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to the average californian? for more their fuel, more for electricity, is that what's going to happen to them? >> i think it only follows suits. one of the things that's not being discussed in all of this is the businesses that are targeted for the carbon taxed emissions. if the businesses can't do that, the ones that are affected the most, are the ones that frankly employ the most blue-collar workers. that has a direct effect on california's middle class. stuart: do you think it will make any difference to global warming one way or the other? >> you know, the interesting thing about the tax credits that were sold here, see, the air resources board was originally supposed to be a market driven system provider, they set the emission standards. if businesses can't comply, they buy the carbon credits. if they are more efficient, they can sell to other companies. what they went over and above what ab 32 really calls for and established itself the opportunity to require companies to pay for the ability to emit
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carbons. that will's what this auction was -- that's what this auction was all about. but none of it reduces the carbon emission standards one iota, not a single bit. stuart: only in california you lucky guy you. mark, thanks for joining us. >> you bet. stuart: a gun store owner in arizona banned obama supporters from entering his store. here's the ad he took out in a local paper. i'm quoting directly now, if you voted for barack obama, your business is not welcome. well, now he says it's not hurt business. in fact sales of his store have been booming since the president won a second term. what's your initial reaction to that, sandra smith? sandra: i think he's entitled to do this. i think it's a really interesting reaction. stuart: why is it interesting to you? sandra: you would think -- i guess the logical conclusion is supposed to be that it would drive some people away. obviously a majority of americans voted for president obama.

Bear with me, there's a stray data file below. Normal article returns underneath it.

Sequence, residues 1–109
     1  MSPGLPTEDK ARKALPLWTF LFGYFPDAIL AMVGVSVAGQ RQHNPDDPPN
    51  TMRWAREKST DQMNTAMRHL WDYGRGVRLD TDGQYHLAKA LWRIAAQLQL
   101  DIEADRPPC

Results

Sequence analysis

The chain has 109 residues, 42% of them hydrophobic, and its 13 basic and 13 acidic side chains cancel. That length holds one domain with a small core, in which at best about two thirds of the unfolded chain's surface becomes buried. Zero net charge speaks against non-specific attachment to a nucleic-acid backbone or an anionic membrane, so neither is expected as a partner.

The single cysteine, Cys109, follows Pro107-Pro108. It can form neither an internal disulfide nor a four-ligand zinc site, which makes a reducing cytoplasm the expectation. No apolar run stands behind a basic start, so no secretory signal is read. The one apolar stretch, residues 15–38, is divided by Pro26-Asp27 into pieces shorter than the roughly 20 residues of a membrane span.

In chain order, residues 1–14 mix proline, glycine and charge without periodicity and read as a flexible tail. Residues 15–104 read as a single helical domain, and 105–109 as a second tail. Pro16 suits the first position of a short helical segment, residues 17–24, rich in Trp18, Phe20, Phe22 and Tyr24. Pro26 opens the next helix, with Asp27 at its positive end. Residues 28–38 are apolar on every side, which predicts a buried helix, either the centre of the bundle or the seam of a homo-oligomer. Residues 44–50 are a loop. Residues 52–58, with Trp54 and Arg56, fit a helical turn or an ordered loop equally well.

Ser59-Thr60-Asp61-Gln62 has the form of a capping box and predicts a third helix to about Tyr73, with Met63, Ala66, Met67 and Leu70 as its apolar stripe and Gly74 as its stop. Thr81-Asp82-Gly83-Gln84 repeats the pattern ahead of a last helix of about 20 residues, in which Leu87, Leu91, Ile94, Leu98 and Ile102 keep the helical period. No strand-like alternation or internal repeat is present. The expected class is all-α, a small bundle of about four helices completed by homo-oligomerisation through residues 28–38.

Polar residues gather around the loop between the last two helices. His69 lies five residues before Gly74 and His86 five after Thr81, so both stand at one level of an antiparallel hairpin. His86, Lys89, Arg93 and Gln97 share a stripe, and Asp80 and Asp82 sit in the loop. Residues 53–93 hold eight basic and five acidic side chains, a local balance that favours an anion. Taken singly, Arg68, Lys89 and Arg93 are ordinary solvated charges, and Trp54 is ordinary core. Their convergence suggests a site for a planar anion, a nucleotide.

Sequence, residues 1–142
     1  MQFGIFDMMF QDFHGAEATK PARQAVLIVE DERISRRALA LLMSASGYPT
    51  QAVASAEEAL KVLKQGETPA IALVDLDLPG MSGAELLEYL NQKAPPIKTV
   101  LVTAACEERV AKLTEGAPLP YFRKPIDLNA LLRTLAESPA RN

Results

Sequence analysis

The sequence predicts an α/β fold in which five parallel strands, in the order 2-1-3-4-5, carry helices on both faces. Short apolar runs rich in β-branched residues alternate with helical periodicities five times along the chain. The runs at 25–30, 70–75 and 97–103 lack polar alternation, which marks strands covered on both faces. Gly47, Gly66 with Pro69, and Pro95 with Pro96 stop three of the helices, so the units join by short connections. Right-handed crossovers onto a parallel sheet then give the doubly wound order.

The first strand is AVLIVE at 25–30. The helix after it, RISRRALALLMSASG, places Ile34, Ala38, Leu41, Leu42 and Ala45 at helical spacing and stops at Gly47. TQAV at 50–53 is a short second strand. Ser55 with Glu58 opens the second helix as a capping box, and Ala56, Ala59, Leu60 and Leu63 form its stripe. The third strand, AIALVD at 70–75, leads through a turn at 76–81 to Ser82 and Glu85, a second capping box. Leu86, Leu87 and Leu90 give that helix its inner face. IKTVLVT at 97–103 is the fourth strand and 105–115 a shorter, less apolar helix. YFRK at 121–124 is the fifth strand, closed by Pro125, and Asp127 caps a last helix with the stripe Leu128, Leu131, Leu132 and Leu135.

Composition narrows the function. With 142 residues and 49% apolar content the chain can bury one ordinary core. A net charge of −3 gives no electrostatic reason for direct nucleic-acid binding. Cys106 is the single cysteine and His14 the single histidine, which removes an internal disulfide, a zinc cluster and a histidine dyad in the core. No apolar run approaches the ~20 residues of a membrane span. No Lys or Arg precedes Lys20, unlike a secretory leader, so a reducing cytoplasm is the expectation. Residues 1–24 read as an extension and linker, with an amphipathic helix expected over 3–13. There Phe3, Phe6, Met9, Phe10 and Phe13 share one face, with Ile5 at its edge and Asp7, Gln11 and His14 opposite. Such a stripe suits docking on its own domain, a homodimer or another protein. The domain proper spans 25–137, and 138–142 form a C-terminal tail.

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guess what? anybody who buys a gun is in favor of gun laws and our rights in this country, and they feel that president obama is not in defense on that. stuart: buy now to avoid cap on gun sales later? we've got the judge sitting here. i can't resist. can someone say on political grounds you can't come in my store? >> it depends on where you are. in our home state of new jersey, you cannot because there's a statute that prohibits, a store, a public accommodation, a hotel, any business from which the public is inviting from discriminating on the basis of political views for people coming on the premises. arizona doesn't have such a statute. you have a freedom to deal wither who you want. in -- you have the freedom to
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deal with whoever you want in arizona. stuart: do we give up our privacy when we text people, when we e-mail, the voice mails we have, could those messages be used to invade our privacy and used in court against us? obvious question for the judge who p thats to be sitting here. he is the author of the book theodore and woodrow. how private are smart phones? >> i'm worried that i and people who think the way i do that the right to privacy is a fundamental right are losing this battle. it seems to be the vast use of these phones by the public and hence by law enforcement to learn what the public is saying doing and thinking is indicative of lack of privacy. here's my view, my view is when you and i communicate, it is a private communication, and if the government wants it, they